Bacterial degradation of xenobiotic compounds: evolution and distribution of novel enzyme activities
Article first published online: 16 NOV 2005
Volume 7, Issue 12, pages 1868–1882, December 2005
How to Cite
Janssen, D. B., Dinkla, I. J. T., Poelarends, G. J. and Terpstra, P. (2005), Bacterial degradation of xenobiotic compounds: evolution and distribution of novel enzyme activities. Environmental Microbiology, 7: 1868–1882. doi: 10.1111/j.1462-2920.2005.00966.x
- Issue published online: 16 NOV 2005
- Article first published online: 16 NOV 2005
- Received 25 May, 2005; accepted 19 October, 2005.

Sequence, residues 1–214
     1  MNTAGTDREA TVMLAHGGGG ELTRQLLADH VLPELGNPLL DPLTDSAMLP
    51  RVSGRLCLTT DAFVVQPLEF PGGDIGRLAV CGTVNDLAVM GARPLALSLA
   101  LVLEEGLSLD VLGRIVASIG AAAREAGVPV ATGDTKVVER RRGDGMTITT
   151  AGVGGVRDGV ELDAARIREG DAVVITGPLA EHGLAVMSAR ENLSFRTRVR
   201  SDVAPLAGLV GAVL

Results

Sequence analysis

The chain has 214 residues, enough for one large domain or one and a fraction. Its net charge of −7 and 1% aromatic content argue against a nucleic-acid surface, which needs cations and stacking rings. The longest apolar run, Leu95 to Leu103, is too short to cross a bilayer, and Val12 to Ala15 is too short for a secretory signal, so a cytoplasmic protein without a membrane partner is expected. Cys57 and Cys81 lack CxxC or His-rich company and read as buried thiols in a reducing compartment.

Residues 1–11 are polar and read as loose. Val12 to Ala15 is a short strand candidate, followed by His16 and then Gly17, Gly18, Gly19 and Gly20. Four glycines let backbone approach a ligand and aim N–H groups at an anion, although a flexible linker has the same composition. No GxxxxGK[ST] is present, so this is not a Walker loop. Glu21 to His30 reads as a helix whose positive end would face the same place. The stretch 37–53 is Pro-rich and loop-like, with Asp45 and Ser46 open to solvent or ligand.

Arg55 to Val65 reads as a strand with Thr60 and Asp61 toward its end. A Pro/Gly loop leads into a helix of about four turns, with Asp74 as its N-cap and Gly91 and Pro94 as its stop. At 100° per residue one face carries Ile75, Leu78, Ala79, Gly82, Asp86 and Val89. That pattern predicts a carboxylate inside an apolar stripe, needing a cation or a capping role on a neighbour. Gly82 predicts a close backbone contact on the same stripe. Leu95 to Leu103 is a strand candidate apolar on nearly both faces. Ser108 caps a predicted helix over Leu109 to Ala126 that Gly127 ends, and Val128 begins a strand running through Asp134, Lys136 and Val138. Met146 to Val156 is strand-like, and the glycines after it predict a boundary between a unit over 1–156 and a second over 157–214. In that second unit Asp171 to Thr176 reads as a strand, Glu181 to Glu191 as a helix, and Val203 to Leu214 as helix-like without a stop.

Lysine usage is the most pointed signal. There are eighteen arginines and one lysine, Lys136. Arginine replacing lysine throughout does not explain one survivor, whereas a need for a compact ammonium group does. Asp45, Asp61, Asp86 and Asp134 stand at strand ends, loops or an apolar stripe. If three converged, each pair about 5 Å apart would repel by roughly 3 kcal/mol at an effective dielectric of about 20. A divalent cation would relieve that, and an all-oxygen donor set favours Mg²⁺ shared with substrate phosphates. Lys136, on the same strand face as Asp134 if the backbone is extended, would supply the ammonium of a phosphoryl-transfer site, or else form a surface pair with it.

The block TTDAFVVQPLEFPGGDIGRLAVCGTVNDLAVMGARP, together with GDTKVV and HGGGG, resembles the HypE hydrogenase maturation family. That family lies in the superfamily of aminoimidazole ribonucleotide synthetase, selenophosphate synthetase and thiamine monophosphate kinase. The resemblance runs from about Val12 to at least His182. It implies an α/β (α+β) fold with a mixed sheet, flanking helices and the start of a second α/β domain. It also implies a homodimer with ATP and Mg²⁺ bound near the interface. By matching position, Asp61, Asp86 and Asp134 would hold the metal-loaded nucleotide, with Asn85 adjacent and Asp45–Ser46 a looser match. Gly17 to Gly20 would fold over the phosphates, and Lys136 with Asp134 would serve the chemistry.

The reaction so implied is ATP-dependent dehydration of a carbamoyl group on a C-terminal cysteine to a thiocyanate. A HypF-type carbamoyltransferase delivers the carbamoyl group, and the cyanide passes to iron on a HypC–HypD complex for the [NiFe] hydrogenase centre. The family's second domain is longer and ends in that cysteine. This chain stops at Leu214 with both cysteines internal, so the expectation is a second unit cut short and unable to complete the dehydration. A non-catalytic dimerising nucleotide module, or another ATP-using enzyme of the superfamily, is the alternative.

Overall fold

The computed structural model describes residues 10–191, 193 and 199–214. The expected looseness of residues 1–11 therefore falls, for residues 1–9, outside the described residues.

Bacterial dehalogenases catalyse the cleavage of carbon-halogen bonds, which is a key step in aerobic mineralization pathways of many halogenated compounds that occur as environmental pollutants. There is a broad range of dehalogenases, which can be classified in different protein superfamilies and have fundamentally different catalytic mechanisms. Identical dehalogenases have repeatedly been detected in organisms that were isolated at different geographical locations, indicating that only a restricted number of sequences are used for a certain dehalogenation reaction in organohalogen-utilizing organisms. At the same time, massive random sequencing of environmental DNA, and microbial genome sequencing projects have shown that there is a large diversity of dehalogenase sequences that is not employed by known catabolic pathways. The corresponding proteins may have novel functions and selectivities that could be valuable for biotransformations in the future. Apparently, traditional enrichment and metagenome approaches explore different segments of sequence space. This is also observed with alkane hydroxylases, a category of proteins that can be detected on basis of conserved sequence motifs and for which a large number of sequences has been found in isolated bacterial cultures and genomic databases. It is likely that ongoing genetic adaptation, with the recruitment of silent sequences into functional catabolic routes and evolution of substrate range by mutations in structural genes, will further enhance the catabolic potential of bacteria toward synthetic organohalogens and ultimately contribute to cleansing the environment of these toxic and recalcitrant chemicals.